Thousands of Safer Ethanol Rail Tank Cars Sit Idle: Reuters

By and Jarrett Renshaw | March 17, 2017

  • March 17, 2017 at 2:12 pm
    mrbob says:
    Like or Dislike:
    Thumb up 4
    Thumb down 0

    Sounds like a penny wise pound foolish risk management decision to me. Let’s say for instance that the recent derailment happened in a small community along the route and 20 people were killed and another 30 injured with burns averaging 30-40% of the body. Average death settlement in the 500K range and injury with pain and suffering probably in the 750k range. That one theoretical scenario would amount to $10,000,000 for the death claims and another $22,500,000 for those injured plus the property damage.

    Also this is ethanol we are talking about, which requires specialized foams to extinguish, not just water. Do all communities along the rail routes have the resources to fight a major incident?

    Granted the shipper would not be the only one on the hook but as all of the parties to the transaction from the lessor of the tank car to the shipper and the railroad understand the hazard and choose to ignore it to save money, my guess is that the punitives on this scenario would go into the 100’s of millions. Wise up, invest the money now or you will end up going down the road that Ford Motor Company did with the Pinto.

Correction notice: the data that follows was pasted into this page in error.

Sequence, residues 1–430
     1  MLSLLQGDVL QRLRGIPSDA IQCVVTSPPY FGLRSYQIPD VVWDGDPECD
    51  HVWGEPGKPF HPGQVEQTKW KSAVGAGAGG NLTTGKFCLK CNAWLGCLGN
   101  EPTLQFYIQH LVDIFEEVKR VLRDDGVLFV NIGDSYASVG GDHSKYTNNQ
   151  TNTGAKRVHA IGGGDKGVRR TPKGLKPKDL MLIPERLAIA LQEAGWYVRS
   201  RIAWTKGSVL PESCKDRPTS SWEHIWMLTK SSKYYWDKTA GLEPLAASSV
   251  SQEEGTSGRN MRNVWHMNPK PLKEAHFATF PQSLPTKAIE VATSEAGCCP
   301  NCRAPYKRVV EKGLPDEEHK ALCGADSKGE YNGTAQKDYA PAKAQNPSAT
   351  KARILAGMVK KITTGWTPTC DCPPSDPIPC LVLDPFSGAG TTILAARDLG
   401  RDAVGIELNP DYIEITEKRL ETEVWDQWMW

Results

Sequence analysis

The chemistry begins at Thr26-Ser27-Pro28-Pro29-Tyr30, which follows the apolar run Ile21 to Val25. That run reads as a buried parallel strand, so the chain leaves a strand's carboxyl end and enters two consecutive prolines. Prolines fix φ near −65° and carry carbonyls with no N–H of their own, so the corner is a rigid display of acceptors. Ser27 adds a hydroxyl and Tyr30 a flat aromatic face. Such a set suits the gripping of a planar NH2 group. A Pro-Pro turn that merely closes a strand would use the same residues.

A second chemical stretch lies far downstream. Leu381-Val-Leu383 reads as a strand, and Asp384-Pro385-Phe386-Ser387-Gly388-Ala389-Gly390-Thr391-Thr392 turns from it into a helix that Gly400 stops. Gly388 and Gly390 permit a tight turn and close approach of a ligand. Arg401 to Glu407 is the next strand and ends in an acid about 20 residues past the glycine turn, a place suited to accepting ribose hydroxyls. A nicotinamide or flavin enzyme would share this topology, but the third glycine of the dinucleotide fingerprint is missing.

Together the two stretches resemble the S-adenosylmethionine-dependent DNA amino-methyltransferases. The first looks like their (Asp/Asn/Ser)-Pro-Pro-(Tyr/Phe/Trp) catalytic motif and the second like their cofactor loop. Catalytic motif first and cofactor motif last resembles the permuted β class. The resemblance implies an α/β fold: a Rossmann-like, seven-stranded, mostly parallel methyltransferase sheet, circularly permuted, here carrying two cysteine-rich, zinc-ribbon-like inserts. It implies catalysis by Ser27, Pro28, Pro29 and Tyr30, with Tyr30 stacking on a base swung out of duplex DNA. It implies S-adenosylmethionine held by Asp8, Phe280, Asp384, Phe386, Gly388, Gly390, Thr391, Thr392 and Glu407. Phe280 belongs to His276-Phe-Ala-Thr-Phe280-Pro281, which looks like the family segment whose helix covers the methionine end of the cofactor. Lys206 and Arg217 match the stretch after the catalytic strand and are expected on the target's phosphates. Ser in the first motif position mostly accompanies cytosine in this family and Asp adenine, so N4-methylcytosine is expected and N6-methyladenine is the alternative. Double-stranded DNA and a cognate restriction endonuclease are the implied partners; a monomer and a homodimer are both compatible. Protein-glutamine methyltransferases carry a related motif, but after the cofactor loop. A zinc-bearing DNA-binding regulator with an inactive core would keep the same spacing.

• April 4, 2017 at 2:51 pm
    JP Jones says:
    Like or Dislike:
    Thumb up 0
    Thumb down 0

    We are lamenting the non-adoption of DOT-117s by the industry in general as mentioned in the headline. Our firm commissioned a fleet of DOT-117s in anticipation of the changeover to the newer version with much more robust tank shells, with full insulation and jacketing. However, when our newly built cars arrived in late 2015, the entire leasing world was in a nose-dive due to falling crude oil prices and now many of these cars are in storage while the older DOT-111s are wreaking havoc with the pricing. Anecdotal stories are that owners of these soon to be obsolete cars are offering $1 rentals at the end of a lease so they don’t have to pay to move and keep the cars in storage. This is predatory pricing of the highest order and only the shipper benefits from extremely low pricing on lease rates.
    As this forum is on an insurance industry publication, it is high time the insurance industry acted in putting on a serious premium for shippers and railroads that continue to use DOT-111s when there are thousands of brand new DOT-117s sitting idle. Shameful. Do we have to wait for a disaster to occur and shippers are sued for using the older “less safe” cars when they could have been using the internationally mandated newer cars. Saving a few thousand dollars over the course of a contract won’t look like such a good idea when a jury award for willful negligence is added to the general property & casualty costs of a settlement.
    This a call out to insurers to be the catalysts of getting the sunset on the DOT-111s advanced and covering their own risks in the process by ensuring that shippers and railroads use every available DOT-117 tanker car before putting the 111s into service.



Add a Comment

Your email address will not be published. Required fields are marked *

*